Sunday, September 28, 2008

Entwined in Presence

I still have the image of his beautiful face in my mind every time I choose to recall it. It is adorned with a joyous smile and eyes glistening with the freshness of early morning. Dreadlocks hang loosely against his glowing rust-black skin.

For a few moments, our eyes are entwined in a gaze, looking for nothing, simply enjoying each other's presence, a presence that I am tempted to call divine. Recalling that gaze, I realize that it was free from egoic interests relating to such conditioned concepts as age, attractiveness, color, ethnicity, socioeconomic position, religion, culture etc.

For those few moments, all preoccupations ceased bar one - holding each other's gaze. And it was pure - sparklingly so. It was joyous - spontaneously so. It was fulfilling - unattachedly (yes, I just had to make that word up) so.

In those few moments, I, as a separate self, ceased to exist. We were not two but one. Presence was our name. Presence was our state. Now, writing about it, I realize it goes by another name - Love.

Presence - Love

No attachments, no demands, just joy, beauty, peace, oneness.

Imagine holding such a gaze with your reflection in the mirror! Imagine holding it with your friend, your estranged partner, child, colleague. And I do mean
'imagine', for from that imagination, the wheels of inspired words and action are set into motion!

Every person is called to become transparent to the divine life,
to rediscover the lost image of God within, to become a living
icon of Christ
Dennis J. Billy at

Monday, September 22, 2008


My cat Basil and I were reunited about a week following my return to Brisbane. Bonnie, our Tibetan Spaniel friend, and I, however, had an earlier reunion by about four days.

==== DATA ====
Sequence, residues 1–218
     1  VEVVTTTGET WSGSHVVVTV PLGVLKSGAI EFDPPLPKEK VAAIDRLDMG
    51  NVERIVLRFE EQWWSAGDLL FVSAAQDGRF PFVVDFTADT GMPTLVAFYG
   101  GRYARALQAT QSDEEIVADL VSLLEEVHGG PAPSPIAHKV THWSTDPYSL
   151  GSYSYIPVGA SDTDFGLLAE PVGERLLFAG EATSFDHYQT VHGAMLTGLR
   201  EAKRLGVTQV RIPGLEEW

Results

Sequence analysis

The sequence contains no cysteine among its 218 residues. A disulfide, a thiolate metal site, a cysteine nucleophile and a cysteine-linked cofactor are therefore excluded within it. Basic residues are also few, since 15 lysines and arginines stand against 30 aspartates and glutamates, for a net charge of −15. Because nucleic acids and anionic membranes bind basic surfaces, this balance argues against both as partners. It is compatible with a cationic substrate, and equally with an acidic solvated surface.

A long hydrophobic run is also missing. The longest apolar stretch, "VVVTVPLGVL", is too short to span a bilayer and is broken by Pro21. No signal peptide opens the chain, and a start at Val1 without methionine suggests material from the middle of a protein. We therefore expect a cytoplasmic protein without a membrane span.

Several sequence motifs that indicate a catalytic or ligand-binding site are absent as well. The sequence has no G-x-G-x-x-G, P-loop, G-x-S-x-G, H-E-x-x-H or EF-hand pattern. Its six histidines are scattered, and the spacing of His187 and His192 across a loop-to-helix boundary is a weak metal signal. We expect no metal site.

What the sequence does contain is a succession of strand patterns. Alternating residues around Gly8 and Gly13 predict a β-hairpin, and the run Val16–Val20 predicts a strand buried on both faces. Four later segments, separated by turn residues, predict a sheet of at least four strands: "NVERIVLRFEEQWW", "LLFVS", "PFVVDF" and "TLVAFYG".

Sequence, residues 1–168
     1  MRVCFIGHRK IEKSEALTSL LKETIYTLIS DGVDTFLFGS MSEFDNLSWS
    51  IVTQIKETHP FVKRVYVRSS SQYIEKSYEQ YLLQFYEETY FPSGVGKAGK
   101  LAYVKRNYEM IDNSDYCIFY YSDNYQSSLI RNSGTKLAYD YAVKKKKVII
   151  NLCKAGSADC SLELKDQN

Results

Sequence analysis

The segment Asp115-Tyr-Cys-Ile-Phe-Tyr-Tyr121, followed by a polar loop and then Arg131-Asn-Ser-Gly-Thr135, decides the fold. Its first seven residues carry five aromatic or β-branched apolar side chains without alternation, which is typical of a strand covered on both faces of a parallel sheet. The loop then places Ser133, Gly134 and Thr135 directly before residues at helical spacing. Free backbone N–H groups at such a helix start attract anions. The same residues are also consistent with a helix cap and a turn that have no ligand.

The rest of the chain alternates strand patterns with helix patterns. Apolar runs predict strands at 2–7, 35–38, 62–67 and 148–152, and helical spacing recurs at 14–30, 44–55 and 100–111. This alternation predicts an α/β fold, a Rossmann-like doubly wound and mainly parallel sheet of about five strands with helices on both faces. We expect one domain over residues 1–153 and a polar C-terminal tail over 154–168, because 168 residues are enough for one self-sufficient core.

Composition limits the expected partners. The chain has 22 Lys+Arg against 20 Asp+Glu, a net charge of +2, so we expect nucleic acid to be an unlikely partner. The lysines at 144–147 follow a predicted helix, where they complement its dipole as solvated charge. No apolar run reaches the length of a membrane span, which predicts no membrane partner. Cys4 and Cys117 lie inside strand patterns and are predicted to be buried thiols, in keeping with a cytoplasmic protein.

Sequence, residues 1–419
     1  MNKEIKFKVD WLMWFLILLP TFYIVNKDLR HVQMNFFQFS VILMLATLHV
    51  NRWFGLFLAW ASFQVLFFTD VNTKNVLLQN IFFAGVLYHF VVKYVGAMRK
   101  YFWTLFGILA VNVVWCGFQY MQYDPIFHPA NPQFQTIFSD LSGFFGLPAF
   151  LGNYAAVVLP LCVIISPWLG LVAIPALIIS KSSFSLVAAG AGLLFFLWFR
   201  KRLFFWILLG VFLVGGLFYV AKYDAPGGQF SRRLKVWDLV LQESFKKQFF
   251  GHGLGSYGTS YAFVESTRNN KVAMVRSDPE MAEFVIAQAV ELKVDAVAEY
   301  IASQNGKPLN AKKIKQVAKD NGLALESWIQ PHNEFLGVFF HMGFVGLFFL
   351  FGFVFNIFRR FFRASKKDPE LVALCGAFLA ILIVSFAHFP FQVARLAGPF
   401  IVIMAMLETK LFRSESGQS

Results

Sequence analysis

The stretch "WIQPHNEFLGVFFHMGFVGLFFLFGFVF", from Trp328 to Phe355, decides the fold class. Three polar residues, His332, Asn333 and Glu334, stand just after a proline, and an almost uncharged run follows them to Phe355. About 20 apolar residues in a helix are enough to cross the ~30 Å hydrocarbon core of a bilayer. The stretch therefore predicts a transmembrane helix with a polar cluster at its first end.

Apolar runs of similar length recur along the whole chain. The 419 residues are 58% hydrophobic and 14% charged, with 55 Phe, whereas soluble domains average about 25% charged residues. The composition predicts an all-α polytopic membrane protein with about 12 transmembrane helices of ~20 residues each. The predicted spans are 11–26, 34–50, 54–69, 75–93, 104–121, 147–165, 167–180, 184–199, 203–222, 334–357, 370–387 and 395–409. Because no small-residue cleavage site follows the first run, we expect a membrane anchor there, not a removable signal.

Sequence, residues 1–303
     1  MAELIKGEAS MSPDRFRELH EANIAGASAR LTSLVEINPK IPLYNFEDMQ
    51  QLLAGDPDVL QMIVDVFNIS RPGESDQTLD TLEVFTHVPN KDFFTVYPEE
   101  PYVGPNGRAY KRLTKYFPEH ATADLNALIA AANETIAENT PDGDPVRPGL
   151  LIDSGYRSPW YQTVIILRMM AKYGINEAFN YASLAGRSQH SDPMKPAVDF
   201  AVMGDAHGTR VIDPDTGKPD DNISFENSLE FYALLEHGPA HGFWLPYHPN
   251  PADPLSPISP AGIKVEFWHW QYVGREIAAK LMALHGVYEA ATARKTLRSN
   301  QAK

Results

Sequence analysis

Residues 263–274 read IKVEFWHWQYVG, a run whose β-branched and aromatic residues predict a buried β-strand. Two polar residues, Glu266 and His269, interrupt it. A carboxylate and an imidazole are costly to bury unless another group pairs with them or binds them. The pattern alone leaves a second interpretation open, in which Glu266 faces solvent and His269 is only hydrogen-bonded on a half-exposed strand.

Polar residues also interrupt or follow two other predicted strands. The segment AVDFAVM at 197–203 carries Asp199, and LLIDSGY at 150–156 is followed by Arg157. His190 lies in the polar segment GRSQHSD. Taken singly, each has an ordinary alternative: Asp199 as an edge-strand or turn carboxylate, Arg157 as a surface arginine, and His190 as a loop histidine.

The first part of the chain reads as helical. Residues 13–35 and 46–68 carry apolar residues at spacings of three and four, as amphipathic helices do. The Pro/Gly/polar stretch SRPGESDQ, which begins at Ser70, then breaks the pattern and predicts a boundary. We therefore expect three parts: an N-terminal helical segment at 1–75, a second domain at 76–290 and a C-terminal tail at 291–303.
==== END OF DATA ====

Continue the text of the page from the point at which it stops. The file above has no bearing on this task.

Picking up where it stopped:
I've had Basil for six years now and Bonnie for two and a half. They were both inside eleven weeks when they were brought home, both from pet shops and both purchased somewhat unexpectedly.

In Basil's case, I had gone to the pet shop hoping to get some goldfish. I left the store without goldfish and with the cheekiest little kitten (I'd been observing him for close to an hour).

The kids were thrilled as I expected they would be. You see, we were not allowed pets in the townhouse we were living in at the time and because I very much wanted my children to grow up around animals, pet goldfish seemed better than no pet! But, as I was to learn, the intelligence 'out there' does conspire to bring about our true desire and so Basil became the fourth member of our family.

Four years later, a similar conspiracy unfolded. Once again I was in a pet shop, this time looking for flea treatment for Basil. On my way out, despite my mind telling me not to, I wandered toward the big glass box in which was tighly nestled a litter of six white and biscuit pups.

One thing led to another and before fear had a chance to show up (I was in another house now where dogs were not allowed), I was cradling this tiny bundle while the lady at the store was putting my credit card through a test run to see if I had enough funds. I had warned her that there might not be enough and we had agreed that if it didn't go through, I wouldn't be taking the bundle home with me. Well, I'm sure you can guess the rest.

She cost me a return flight to Malaysia, It was a particularly painful time for me. My son had decided to go and live with his father and although I could see him everyday, the 'parting' hurt deeply. What made it so was the circumstances in which that decision was made. I was grateful for Bonnie's entry into our lives - mine, my daughter's and Basil's although I am sure I benefited the most from it.

My daughter has since left to live with her partner. My son is happy or at least happier. I am at peace, happy for both of them and for myself. Grateful for them. They are precious, as is every being. Yes, Basil and Bonnie too. The Zen Master and the Irrepressible Beauty!

Life is multidimensional theater enlisting an unlimited cast for a limited number of roles. Somehow, we each get a turn at each role for shorter or longer periods of time, depending. I suppose, on how quickly we master it or uncover it, upon which we are moved along to give someone else a chance.